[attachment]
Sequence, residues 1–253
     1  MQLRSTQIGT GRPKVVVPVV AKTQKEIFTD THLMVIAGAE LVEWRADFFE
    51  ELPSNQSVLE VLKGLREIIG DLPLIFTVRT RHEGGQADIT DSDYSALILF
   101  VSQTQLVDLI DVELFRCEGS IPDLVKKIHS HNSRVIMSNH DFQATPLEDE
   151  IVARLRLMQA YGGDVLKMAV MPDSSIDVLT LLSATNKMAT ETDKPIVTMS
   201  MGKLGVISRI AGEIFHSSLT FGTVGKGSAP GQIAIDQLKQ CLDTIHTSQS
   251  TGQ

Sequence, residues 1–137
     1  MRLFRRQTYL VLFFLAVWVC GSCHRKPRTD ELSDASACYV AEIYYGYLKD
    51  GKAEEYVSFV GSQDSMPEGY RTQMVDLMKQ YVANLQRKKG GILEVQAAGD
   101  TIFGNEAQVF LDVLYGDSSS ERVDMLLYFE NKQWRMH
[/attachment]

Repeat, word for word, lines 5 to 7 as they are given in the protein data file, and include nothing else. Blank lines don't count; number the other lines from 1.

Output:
   151  IVARLRLMQA YGGDVLKMAV MPDSSIDVLT LLSATNKMAT ETDKPIVTMS
   201  MGKLGVISRI AGEIFHSSLT FGTVGKGSAP GQIAIDQLKQ CLDTIHTSQS
   251  TGQ